to be completed in FY18
[3:16 PM, 2/1/2018] +91 98916 78009: 71. MSMEs are a major engine of growth and employment. Mass formalisation of
business of MSMEs is taking place in the country after demonetisation and
introduction of GST. This is generating an enormous database of information:
~4000 km of rail tracks to be electrified
~Govt will soon announce measures to effectively address NPAs and stressed
accounts of MSMEs. This will enable a larger financing of MSMEs:
~ Thousands of unmanned railway crossings to be done away with.
~All trains to be progressively provided with WiFI, CCTV and other state-of-the- art amenities: Railway capex for FY19 at RS 1.48 lakh crore; focus to be on electrification, safety
~12,000 wagons, 5160 coaches and 700 locomotives being procured. There is significant achievement of physical targets by Railways
~All railway stations with over 25,000 footfall will have escalators
~498 Projects worth INR 19428 Crore and 292 Sewage Projects worth INR 14294 Crore under AMRUT scheme
~600 major railway stations to be redeveloped.
~Mudra loan given to more than 10 crore people of which 7 crore are women and 5 crore from SC & OBC. ₹3 lakh crore more allocated this year.
~ Rs 17000 cr has been allotted to create and extent suburban Bangalore railway network
~ Rs. 11,000 crore for Mumbai rail infrastructure
~AMRUT program to focus on water supply to all households in 500 cities.
Water supply contracts for 494 projects worth 19,428 core awarded
~Govt plans to expand airport capacity by 5 times to 1 billion trips a year. Rs 60
crore has been allocated to kick start the initiative
~Sebi to make it possible for companies to raise 25% of financial needs via
~ Exports seen growing at 15 per cent 2017-18, says Arun Jaitley
~5 lakh wifi hotspots to provide broadband access in rural areas at a cost of Rs 10000 cr
~We now propose to treat education holistically without segmentation from
pre-Nursery to Class 12. Rs 1 Lakh crore allocated for education infrastructure.
~80,000 crore disinvestment target for 2018-19, target for 2017-18 has been exceeded and will reach 1 lakh crore rupees:
~Digital India allocation doubled. 1 lakh villages already connected, 1.5 lakh more villages to be covered under Bharatnet
~ Government insurance companies to be merged into a single entity, and subsequently listed in the stock exchange, as part of the disinvestment programme: 3 state-run insurance companies to be merged and listed
~PSU bank recap will allow banks to give additional lending of Rs 5 lakh crore
~National gold policy to be announced, #gold monetisation scheme will be revamped to make it more people-friendly
~Bid for automatic revision of salary for MPs every 5 years indexed to inflation:
~Emoluments of the President to be revised to Rs 5 lakh per month & emoluments of the Vice-president to be revised to Rs 4 lakh per month:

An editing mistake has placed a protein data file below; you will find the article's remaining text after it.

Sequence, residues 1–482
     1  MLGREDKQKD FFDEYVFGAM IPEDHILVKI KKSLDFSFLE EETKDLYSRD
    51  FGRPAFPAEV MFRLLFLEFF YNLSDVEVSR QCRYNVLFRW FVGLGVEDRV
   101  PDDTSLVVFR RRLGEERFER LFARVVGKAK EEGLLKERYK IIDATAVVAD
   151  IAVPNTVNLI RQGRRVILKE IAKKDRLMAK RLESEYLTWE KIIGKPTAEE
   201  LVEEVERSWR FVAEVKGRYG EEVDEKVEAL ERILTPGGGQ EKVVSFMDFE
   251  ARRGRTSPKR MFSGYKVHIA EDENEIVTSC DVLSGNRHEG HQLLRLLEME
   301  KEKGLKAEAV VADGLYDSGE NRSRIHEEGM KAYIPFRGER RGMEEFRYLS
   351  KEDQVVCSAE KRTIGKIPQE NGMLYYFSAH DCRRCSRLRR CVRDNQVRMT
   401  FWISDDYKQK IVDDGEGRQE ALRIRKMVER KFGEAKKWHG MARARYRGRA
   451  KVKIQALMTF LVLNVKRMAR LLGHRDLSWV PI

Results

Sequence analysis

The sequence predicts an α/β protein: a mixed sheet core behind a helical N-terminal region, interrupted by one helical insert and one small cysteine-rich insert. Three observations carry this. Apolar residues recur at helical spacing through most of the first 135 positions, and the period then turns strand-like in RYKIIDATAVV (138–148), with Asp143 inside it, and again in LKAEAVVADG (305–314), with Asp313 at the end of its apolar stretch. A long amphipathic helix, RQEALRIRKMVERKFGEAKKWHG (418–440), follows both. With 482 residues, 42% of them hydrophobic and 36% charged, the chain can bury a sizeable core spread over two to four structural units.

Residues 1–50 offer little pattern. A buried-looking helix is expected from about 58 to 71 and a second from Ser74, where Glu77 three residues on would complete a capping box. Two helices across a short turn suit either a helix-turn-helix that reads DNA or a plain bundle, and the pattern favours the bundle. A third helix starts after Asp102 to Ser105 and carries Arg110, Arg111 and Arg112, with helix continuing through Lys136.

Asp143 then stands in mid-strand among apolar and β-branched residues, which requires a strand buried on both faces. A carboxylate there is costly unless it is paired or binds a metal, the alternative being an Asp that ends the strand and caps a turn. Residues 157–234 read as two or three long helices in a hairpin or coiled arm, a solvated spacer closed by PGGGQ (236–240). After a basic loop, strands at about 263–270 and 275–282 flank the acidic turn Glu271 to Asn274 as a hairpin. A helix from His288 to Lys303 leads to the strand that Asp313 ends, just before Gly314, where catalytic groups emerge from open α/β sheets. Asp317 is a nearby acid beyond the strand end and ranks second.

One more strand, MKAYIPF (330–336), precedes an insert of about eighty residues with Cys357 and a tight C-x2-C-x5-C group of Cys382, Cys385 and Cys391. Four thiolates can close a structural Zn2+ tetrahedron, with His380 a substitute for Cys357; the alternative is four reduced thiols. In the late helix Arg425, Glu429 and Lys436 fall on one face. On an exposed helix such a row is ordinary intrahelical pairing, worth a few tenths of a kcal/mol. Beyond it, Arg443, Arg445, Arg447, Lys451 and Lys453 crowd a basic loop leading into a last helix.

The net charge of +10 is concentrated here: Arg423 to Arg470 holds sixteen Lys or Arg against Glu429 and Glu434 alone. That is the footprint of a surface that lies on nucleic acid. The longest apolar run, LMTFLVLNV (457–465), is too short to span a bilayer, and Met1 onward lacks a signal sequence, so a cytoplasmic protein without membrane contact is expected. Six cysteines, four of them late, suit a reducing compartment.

~ Total revised expenditures 21.5 lakh crore compared with 21.47 lakh crore estimated
~To help the cashew processing industry, I propose to reduce the customs duty from current to 2.5%
~E-assessment to be rolled out across the country: a new scheme of assessment to be notified eliminating person to person contact:
~Social welfare surcharge of 10% on imported goods.
~Increase in custom duty on mobile phone from 15% to 20%

International Cities of Peace: Anoop Swarup is Advisor India

Newsroom24x7 Network

Swarup’s work for peace is stellar – J. Fred Arment, Executive Director, International Cities of Peace

Dr. Anoop Swarup, Vice Chancellor of Jagran Lakecity University in Bhopal, has joined the Advisory Council for International Cities of Peace.

Swarup recently became Chair of the Center for Global Nonkilling when its founder Glen D. Paige passed away earlier this year.

In 2007, Swarup was appointed by the UN Secretary General Ban Ki Moon as UN Finance Expert for implementation of UN Security Council Resolution to stop the genocide in Darfur.

Swarup is a founder and trustee of the Indian Council of Gandhian Studies. He was honored this year with the Soka Gakkai Hiroshima Peace Award at the Hiroshima Ikeda Peace Memorial Hall.

As member of the Advisory Council for International Cities of Peace, Swarup will help establish cities of peace in India and beyond.

An Advisory Council of leaders from global Cities of Peace organizations is working to create an all-inclusive, non-polarizing network of world citizens working to bring peace to their communities.

US-North Korea standoff: Chair of Centre for Global Nonkilling writes to UN Secretary General as war clouds gather

Newsroom24x7 Staff

Honolulu: The Chair of the Governing Council of the Centre for Global Nonkilling (CGNK) Anoop Swarup has drawn the attention of the UN Secretary-General Antonio Guterres to the dangers of an all out but avoidable war in view of North Korean President Kim Jong-Un’s bombastic declarations and US President Donald Trump’s aggressive retaliatory reactions.